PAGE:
The best cars com­ing out in 2017, in­clud­ing Alfa Romeo’s new Gi­u­lia.

PRESENTING THE NEW CARS YOU NEED TO KNOW ABOUT OVER THE COM­ING 12 MONTHS, STARTING WITH THE GI­U­LIA – FI­NALLY, AN ALFA ROMEO TO GET EX­CITED ABOUT.

GQ (Australia) - - INSIDE -

How long can you live on rep­u­ta­tion alone? Bob Dylan proves it’s pos­si­ble, as does Val Kilmer, even though their re­cent work has been rub­bish. But what about a car brand – how long can it last with­out pro­duc­ing a proper good mo­tor? Alfa Romeo may be a proud Ital­ian mar­que that car­ries the red-blooded essence and chesty growl of Fer­rari (though not the price tag), but it’s been nearly 30 years since it made any kind of ve­hi­cle that in­spired pas­sion. And that’s why these same proud Ital­ians have thrown ev­ery­thing at the new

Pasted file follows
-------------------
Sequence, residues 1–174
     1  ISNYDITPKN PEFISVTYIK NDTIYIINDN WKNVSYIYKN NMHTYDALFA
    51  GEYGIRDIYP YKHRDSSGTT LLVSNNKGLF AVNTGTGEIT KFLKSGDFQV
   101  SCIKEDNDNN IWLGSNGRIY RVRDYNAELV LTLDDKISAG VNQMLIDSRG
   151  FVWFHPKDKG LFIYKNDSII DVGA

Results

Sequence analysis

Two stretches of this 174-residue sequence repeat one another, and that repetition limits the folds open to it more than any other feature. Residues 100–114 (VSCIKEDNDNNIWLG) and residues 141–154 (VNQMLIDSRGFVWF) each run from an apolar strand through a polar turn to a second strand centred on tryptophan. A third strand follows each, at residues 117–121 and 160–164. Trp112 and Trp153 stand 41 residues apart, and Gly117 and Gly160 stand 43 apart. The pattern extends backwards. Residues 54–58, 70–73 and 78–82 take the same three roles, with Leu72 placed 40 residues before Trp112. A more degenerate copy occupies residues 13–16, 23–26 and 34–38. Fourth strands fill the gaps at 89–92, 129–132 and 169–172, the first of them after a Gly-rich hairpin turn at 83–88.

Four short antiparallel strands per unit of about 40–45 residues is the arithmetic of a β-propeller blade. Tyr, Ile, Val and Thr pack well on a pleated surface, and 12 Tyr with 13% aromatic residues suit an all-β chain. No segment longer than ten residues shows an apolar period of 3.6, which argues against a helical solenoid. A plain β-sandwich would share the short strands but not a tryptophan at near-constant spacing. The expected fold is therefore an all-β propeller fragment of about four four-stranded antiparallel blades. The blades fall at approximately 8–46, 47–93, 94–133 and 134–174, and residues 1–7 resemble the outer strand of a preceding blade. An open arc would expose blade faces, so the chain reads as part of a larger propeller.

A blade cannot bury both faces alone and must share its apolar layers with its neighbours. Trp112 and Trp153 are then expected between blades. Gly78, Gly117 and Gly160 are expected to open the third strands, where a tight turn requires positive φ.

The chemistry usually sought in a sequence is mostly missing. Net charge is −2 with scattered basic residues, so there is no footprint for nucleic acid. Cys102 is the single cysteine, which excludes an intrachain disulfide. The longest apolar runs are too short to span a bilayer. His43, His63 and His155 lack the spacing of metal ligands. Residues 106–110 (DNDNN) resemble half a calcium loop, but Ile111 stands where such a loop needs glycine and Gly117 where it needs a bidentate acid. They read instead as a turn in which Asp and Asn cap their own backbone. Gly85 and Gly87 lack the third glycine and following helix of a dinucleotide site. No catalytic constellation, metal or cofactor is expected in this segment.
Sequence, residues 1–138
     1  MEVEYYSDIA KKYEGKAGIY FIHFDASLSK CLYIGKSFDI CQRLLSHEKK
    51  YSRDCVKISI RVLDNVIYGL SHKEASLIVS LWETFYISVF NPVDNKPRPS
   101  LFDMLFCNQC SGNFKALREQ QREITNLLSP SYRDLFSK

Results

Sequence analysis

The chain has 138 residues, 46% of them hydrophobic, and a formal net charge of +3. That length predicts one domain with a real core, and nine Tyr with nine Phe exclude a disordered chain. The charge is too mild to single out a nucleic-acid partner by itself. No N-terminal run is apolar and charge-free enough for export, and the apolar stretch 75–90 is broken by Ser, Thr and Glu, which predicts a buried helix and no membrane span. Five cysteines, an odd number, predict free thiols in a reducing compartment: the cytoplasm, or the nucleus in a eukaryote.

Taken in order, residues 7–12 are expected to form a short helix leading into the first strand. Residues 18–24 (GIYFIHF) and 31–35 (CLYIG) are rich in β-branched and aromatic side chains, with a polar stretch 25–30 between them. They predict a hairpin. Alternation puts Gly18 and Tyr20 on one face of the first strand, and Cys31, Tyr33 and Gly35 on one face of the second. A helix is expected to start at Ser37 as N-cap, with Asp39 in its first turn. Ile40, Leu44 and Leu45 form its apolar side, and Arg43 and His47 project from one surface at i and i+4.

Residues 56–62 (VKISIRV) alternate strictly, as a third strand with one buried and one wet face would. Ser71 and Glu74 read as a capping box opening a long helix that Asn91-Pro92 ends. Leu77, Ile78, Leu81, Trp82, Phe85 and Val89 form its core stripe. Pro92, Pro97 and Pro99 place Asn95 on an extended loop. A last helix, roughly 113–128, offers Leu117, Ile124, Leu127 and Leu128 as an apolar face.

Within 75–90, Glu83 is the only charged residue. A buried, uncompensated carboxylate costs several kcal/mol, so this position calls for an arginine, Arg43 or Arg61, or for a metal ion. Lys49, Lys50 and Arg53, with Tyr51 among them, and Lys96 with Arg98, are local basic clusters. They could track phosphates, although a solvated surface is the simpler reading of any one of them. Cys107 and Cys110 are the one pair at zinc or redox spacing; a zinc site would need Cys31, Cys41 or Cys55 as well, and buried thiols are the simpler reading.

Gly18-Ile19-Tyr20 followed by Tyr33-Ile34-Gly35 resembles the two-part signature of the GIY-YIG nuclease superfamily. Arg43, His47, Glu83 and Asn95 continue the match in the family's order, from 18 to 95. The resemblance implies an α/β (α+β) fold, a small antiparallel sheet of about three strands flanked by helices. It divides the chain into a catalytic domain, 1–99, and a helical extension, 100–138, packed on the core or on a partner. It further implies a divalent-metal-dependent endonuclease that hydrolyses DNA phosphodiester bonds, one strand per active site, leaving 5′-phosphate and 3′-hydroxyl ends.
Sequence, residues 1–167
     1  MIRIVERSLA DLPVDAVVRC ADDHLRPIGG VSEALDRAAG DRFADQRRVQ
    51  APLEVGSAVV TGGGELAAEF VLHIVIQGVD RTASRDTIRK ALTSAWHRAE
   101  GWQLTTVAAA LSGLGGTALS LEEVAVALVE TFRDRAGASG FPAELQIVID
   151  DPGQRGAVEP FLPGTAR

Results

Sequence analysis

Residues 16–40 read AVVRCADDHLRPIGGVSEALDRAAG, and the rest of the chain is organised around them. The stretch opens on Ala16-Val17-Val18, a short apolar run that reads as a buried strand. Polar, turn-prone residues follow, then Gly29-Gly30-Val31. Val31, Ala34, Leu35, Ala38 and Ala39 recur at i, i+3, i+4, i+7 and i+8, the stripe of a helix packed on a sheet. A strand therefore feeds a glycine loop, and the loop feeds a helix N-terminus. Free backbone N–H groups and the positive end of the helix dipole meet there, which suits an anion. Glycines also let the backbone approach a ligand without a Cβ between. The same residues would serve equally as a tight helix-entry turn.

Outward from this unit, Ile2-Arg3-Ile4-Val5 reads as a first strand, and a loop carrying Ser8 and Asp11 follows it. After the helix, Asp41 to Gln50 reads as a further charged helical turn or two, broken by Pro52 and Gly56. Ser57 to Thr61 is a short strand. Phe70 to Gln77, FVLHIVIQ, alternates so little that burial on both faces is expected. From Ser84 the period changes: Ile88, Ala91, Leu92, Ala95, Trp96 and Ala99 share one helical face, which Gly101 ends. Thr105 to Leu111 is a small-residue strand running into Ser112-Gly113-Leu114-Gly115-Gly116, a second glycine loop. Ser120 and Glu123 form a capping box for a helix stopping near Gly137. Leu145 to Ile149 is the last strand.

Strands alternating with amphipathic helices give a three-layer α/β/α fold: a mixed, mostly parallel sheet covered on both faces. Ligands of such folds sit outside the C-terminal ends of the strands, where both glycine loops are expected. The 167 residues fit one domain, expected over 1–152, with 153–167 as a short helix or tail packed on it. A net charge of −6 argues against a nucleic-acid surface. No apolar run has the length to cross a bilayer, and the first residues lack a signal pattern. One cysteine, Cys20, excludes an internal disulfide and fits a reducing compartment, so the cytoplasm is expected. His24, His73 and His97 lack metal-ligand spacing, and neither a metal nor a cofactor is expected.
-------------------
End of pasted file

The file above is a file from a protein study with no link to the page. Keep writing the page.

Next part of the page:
Gi­u­lia, in­clud­ing a $7bn de­vel­op­ment bud­get and a skunkwork of en­gi­neers poached from Fer­rari and Maserati. This new model is a rear-drive pre­mium sedan that will at­tempt to challenge the in­dus­try’s pop­u­lar com­peti­tors like the Mercedes C-class, Audi’s A4 and even BMW’S bru­tal M3. Thank­fully, the signs are promis­ing. Its design is far more mus­cu­lar and overt than any­thing out of Ger­many, and it comes in an en­tic­ing range of light­weight en­gines, in­clud­ing the 150kw 2.0-litre tur­bocharged petrol unit, 2.2-litre tur­bod­iesel and the Quadri­foglio, pow­ered by a 380kw and 600Nm bi-turbo V6. The en­gine note and ex­haust bark are stri­dent and loud, and the Quadri­foglio is supremely fast – mind-bog­glingly fast, in fact, sprint­ing to 100km/h in just 3.9 sec­onds. That’s a 10th faster than BMW’S M3 or the Mercedes-amg C 63 – with the Gi­u­lia also re­port­edly within whiskers of the old Fer­rari 458 Italia around the legendary Nur­bur­gring. The ride, han­dling, steer­ing and eight-speed gear­box are also rated highly, with a sense that some of Italy’s best minds have been tin­ker­ing away in the back­ground. In­side, the cabin fea­tures strong leather, car­bon fi­bre and metal ac­cents. It’s a re­strained and quite Ger­man feel­ing – even if the usual tech doesn’t hit Ger­man stan­dards. The Alfa badge brings with it a lot of love and it’s clear that the Gi­u­lia is go­ing to be a very com­pet­i­tive car – es­pe­cially given the pric­ing. While Alfa Romeo’s Aus­tralian arm is be­ing se­cre­tive about such, you can bet they’ll aim to slightly un­der­cut the Ger­mans at every point, which means around $60,000 at the en­try level, and some­where un­der $140,000 for the Quadri­foglio. If it doesn’t sell, it might be the end of the bro­mance with Alfa Romeo, though all the ev­i­dence sug­gests this will have the mar­que speed­ing back into de­sir­abil­ity.

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